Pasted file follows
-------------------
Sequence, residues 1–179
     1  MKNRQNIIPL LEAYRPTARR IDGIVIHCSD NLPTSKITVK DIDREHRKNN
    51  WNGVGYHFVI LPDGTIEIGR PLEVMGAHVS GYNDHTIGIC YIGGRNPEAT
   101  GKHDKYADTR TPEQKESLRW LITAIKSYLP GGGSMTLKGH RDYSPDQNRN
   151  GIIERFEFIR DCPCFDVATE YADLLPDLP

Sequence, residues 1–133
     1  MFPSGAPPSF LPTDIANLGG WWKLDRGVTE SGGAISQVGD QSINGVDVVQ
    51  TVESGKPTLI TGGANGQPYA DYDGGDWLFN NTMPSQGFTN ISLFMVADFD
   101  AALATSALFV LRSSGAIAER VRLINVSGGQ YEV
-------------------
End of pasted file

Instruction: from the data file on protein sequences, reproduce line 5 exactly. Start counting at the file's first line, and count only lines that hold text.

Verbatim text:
   151  GIIERFEFIR DCPCFDVATE YADLLPDLP